Remember when back-to-school stress simply involved selecting the perfect backpack? When you actually could send kids to a physical brick and mortar building? When, “Remember your mask, sweetie!” was only uttered on Halloween?
This year, millions of parents may be worried about having a back-to-school breakdown, but we’re not going to let that happen! We checked in with experts to help you figure out how to get your kids back into an educational routine without causing additional stress for anyone in the family.
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First, a disclaimer, courtesy of Dr. Nicole Avena, scientist and professor at Mount Sinai School of Medicine and Princeton University, “There is no right or wrong way to do this,” she says. So, ignore all parenting shamers who may appear certain they know the “best” path. Sorry, Mrs. (or Mr.) Know It All, “There is risk with every decision,” whether you’re sending your kids to school or keeping them home, says Dr. Linda McWhorter, psychologist and Director of the Widener Child Therapy Clinic.
Of course it’s also okay to be nervous and have a certain amount of back-to-school stress, says Dr. Stacy Haynes, family psychologist and founder of Little Hands Family Services. The goal isn’t to be 100% stress-free, but to “manage the uncertainty with less anxiety and accept the uncertainty,” says Dr. Gail Saltz, Associate Professor of Psychiatry at NY Presbyterian Hospital Weill-Cornell School of Medicine.
REMEMBER: KIDS ARE RESILIENT
“Kids are pretty amazing,” says Brandi Davis, parenting consultant and founder of Your Parenting Partner. “Kids are so accepting, and they go with the flow,” she adds.
If your kids are nervous, “give them practical and concrete things they can do,” to help mitigate their stress, says McWhorter. For instance, if they are nervous about getting sick at school, equip them with cleaning practices and supplies to give them more control. For younger children, check out this workbook about dealing with the coronavirus: The Oyster and the Butterfly. Nervous about virtual learning? See if the school can give you a test run of the system or do some video conferencing practice sessions with friends or family.
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HerMoney Takeaway: Kids are adaptable, so trust that your kids can navigate their own way through their back-to-school stress.
KEEP CALM AND PARENT ON
“Stay really positive, because as a parent you set the tone,” says McWhorter. In other words, if you have back-to-school stress, your kiddo will, too.
By keeping your emotions in check and remaining calm, you provide children with a safe place to explore their own emotions and concerns, says Debbie Lopez, Community Outreach Director for Zivadream, teacher and stress management coach.
“You don’t want to say it will be all doom and gloom. Instill some hope,” says Dr. Tichianaa Armah, psychiatrist and Medical Director and Vice President of Behavioral Health at Community Health Center. She recommends sharing stories of hard times your family has gotten through, or details of past epidemics to illustrate that people have been through this before, and made it out the other side just fine.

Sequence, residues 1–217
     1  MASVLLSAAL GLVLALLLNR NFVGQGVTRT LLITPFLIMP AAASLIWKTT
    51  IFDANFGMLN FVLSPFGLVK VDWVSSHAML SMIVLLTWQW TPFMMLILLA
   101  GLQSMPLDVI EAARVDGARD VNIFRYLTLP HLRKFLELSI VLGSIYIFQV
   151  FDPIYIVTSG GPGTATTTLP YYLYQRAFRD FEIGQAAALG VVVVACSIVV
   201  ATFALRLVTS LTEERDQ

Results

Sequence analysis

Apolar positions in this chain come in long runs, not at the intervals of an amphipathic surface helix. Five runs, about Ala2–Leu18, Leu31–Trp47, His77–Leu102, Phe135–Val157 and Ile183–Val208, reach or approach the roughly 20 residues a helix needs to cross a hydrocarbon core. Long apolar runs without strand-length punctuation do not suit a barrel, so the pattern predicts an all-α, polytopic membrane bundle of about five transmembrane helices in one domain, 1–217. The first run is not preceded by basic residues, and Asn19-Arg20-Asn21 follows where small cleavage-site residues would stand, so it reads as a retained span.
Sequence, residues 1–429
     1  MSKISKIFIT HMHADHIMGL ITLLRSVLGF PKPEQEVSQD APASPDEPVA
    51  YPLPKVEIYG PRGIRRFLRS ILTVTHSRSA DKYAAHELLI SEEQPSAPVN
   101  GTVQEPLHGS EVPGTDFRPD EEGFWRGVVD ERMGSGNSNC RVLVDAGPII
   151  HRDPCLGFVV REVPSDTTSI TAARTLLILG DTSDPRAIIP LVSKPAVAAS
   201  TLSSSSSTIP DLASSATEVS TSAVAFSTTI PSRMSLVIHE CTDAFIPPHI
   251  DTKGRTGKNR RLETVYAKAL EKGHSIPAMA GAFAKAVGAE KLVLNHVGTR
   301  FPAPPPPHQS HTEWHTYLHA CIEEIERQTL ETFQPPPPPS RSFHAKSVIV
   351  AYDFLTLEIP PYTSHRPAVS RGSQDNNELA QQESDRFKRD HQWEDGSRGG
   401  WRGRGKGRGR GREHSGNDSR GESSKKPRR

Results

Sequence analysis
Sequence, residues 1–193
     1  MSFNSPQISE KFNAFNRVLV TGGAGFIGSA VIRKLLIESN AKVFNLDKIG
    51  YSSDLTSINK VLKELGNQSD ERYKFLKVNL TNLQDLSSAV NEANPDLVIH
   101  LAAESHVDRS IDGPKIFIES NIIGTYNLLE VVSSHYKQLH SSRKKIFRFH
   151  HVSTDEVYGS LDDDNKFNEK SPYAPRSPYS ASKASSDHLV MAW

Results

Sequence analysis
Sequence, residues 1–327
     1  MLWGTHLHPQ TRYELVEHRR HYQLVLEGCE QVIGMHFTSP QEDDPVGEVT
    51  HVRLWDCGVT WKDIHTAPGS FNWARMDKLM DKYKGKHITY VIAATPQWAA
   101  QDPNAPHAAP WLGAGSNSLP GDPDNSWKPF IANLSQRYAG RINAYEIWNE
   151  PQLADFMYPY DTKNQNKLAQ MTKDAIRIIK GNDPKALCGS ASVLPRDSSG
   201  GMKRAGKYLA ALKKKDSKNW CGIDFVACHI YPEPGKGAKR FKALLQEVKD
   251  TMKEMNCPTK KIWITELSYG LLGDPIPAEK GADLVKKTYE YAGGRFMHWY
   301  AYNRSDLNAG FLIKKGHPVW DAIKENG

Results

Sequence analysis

“It is also really important to build in time for some family fun,” says McWhorter, even if it is for just five minutes. So tell jokes, have a dance party in the kitchen, and for younger kids, you might try checking out Go Noodle.
HerMoney Takeaway: Setting a calm, positive environment will help you and your kids power through.
IDENTIFY STRESSORS AND FOCUS ON WHAT YOU CAN CONTROL
Make a list and figure out what you’re feeling most anxious about so that you can be more accepting of the situation, and ask, yourself “‘How do I make this good?’” suggests Saltz.
It’s also helpful to focus on what you can control. To keep calm, put the breaks on using phrases like, “in these uncertain times,” says Avena. There are things that we can control and that are certain. “We are certain that we love our kids,” she offers. Identify what else is in your control and what is certain in your particular situation, Avena suggests.
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“The thing that will chill people out the most is getting information,” says Davis. So ask the school the questions that will put you and your kids at ease.
“The second wave of this pandemic is stress,” says Avena. “There are a lot of people hell-bent on focusing on the negative,” she says. “But, we need to talk about the positive,” to help us all deal with the stress, she explains. So yes, the situation could get worse, but it could also improve dramatically. “We just have to keep our heads up!” according to Avena. And maybe not watch the news too much, recommends Davis.
“We have to make room for uncertainty,” explains McWhorter, but we also have to make room for each other. “We have to give each other a little grace,” and give ourselves some compassion, because we are all going to find different ways through this. But we’ll get through it!
HerMoney Takeaway: Address your concerns and fears, to solve for some of your worries.
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